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uni'wissen 02-2015_ENG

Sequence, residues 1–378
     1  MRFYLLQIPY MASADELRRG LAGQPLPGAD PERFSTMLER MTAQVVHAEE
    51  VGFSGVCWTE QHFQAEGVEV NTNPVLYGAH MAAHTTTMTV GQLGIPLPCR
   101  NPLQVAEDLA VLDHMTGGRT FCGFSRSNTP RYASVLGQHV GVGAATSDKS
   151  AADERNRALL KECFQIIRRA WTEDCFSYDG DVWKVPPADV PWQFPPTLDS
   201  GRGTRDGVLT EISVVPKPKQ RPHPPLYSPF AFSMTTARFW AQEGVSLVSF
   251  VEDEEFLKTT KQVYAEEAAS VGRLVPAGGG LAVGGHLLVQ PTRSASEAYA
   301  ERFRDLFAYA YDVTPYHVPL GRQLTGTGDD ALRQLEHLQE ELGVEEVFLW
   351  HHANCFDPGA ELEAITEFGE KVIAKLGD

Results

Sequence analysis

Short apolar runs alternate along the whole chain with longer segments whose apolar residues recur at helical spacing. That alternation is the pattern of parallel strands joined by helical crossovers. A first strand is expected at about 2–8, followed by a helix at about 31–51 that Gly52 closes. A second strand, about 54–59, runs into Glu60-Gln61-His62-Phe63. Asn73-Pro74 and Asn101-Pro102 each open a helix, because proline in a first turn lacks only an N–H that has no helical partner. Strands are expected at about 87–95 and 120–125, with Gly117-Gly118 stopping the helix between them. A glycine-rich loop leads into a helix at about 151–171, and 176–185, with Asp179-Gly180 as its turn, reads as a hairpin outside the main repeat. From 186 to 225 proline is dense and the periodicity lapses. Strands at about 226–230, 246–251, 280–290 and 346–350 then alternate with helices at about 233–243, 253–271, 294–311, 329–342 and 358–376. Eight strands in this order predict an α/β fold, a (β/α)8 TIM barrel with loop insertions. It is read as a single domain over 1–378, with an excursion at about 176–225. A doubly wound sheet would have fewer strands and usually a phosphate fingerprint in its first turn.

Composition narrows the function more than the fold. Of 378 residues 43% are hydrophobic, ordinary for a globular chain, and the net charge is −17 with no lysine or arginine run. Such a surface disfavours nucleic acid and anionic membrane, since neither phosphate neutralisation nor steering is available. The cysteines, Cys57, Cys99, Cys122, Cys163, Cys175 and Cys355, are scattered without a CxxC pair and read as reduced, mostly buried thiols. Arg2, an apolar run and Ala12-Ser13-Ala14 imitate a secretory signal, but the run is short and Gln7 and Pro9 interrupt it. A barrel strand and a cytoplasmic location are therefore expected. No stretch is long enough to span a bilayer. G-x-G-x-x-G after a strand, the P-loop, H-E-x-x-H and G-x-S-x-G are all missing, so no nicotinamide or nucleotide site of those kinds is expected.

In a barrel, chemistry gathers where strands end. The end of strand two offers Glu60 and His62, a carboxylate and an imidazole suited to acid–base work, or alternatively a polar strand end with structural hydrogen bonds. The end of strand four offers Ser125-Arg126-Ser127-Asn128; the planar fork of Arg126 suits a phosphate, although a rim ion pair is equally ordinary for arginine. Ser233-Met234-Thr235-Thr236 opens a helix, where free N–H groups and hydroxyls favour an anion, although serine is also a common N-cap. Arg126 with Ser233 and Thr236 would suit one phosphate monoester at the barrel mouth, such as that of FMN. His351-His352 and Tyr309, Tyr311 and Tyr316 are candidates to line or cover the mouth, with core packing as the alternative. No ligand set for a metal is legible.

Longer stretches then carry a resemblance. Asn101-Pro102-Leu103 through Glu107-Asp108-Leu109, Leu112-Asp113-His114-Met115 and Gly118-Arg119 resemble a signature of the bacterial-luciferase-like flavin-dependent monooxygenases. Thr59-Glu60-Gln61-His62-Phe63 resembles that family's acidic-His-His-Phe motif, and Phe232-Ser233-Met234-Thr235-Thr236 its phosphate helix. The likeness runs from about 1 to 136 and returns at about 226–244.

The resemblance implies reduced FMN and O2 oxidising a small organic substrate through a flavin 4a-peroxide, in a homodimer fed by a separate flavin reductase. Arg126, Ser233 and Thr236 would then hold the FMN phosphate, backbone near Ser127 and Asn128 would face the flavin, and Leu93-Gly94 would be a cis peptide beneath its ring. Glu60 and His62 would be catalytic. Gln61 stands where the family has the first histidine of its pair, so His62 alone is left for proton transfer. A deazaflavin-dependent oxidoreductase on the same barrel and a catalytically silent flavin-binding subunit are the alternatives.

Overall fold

Some like it hot, and others even hotter. Some organisms, like the heat-loving archaea, feel right at home at temperatures between 80 and 120 degrees Celsius. The unicellular organisms measure a mere one micrometer on average, have no cell nucleus, and inhabit extreme living spaces like salt lakes, high-pressure deep sea vents, or highly acidic habitats. “They used to be known as archaebacteria,” says Prof. Dr. Sonja-Verena Albers, professor of microbiology at the University of Freiburg since September 2014. “Scientists long believed that archaea can only exist under severe conditions like these.” Albers heads one of five research groups distributed over the entire world that have set themselves the goal of elucidating the surface structure of these unusual organisms with the help of molecular tools. General interest in archaea grew when it turned out that they do not live only in extreme habitats but may also be found in the intestines and on the skin of humans, yet never cause diseases there. “It is difficult to explain why many bacteria ended up becoming pathogenic but not a single archaeon,” says the scientist. When it became clear that a particular substance in human blood increases the risk for heart disease, researchers made a surprising discovery: archaea are the only organisms that grow on this blood compo- nent and are therefore capable of reducing its concentration. Scientists are also discussing what role archaea play in diets. “They increase visibly in numbers when people start a fasting cure,” says Albers. Methanogenic archaea are also the only organisms that produce methane in mammalian intestines through metabolism. The gas is then released into the environment when we breathe, where it is a known climate factor. The sulfur- and acid-loving archaeon Sulfolobus acidocaldarius lives in hot springs at Yellowstone National Park at temperatures between 70 to 90 degrees Celsius. Photo: private „A whip made of protein filaments that works similarly to a propeller: Archaea move with the help of filament-like structures. Source: Sonja-Verena Albers 29uni wissen 02 2015 29uni wissen 022015